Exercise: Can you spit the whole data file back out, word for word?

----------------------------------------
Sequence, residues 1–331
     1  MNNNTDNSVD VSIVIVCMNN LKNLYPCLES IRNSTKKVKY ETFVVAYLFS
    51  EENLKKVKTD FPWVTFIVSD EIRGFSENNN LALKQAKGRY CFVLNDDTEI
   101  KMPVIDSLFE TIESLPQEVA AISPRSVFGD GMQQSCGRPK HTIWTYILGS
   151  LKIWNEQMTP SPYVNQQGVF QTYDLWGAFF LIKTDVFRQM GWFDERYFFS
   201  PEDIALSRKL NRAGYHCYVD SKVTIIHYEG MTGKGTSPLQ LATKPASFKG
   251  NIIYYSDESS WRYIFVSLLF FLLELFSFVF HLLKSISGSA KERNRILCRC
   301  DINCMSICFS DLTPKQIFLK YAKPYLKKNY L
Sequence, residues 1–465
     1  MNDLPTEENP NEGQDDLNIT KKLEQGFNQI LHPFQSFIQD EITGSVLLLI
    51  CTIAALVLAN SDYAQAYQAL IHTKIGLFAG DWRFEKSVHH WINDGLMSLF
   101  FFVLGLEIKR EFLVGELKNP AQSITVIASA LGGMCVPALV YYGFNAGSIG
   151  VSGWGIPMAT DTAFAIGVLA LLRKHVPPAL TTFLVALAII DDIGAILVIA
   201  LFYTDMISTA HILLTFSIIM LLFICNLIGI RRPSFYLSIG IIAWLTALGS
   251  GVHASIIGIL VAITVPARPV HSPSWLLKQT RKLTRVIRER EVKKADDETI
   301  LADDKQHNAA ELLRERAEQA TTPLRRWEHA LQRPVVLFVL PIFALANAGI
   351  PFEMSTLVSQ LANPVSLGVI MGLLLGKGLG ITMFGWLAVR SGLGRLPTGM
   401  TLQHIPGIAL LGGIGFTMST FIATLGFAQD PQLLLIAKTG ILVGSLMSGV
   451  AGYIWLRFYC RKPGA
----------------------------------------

Sequence, residues 1–331
     1  MNNNTDNSVD VSIVIVCMNN LKNLYPCLES IRNSTKKVKY ETFVVAYLFS
    51  EENLKKVKTD FPWVTFIVSD EIRGFSENNN LALKQAKGRY CFVLNDDTEI
   101  KMPVIDSLFE TIESLPQEVA AISPRSVFGD GMQQSCGRPK HTIWTYILGS
   151  LKIWNEQMTP SPYVNQQGVF QTYDLWGAFF LIKTDVFRQM GWFDERYFFS
   201  PEDIALSRKL NRAGYHCYVD SKVTIIHYEG MTGKGTSPLQ LATKPASFKG
   251  NIIYYSDESS WRYIFVSLLF FLLELFSFVF HLLKSISGSA KERNRILCRC
   301  DINCMSICFS DLTPKQIFLK YAKPYLKKNY L
Sequence, residues 1–465
     1  MNDLPTEENP NEGQDDLNIT KKLEQGFNQI LHPFQSFIQD EITGSVLLLI
    51  CTIAALVLAN SDYAQAYQAL IHTKIGLFAG DWRFEKSVHH WINDGLMSLF
   101  FFVLGLEIKR EFLVGELKNP AQSITVIASA LGGMCVPALV YYGFNAGSIG
   151  VSGWGIPMAT DTAFAIGVLA LLRKHVPPAL TTFLVALAII DDIGAILVIA
   201  LFYTDMISTA HILLTFSIIM LLFICNLIGI RRPSFYLSIG IIAWLTALGS
   251  GVHASIIGIL VAITVPARPV HSPSWLLKQT RKLTRVIRER EVKKADDETI
   301  LADDKQHNAA ELLRERAEQA TTPLRRWEHA LQRPVVLFVL PIFALANAGI
   351  PFEMSTLVSQ LANPVSLGVI MGLLLGKGLG ITMFGWLAVR SGLGRLPTGM
   401  TLQHIPGIAL LGGIGFTMST FIATLGFAQD PQLLLIAKTG ILVGSLMSGV
   451  AGYIWLRFYC RKPGA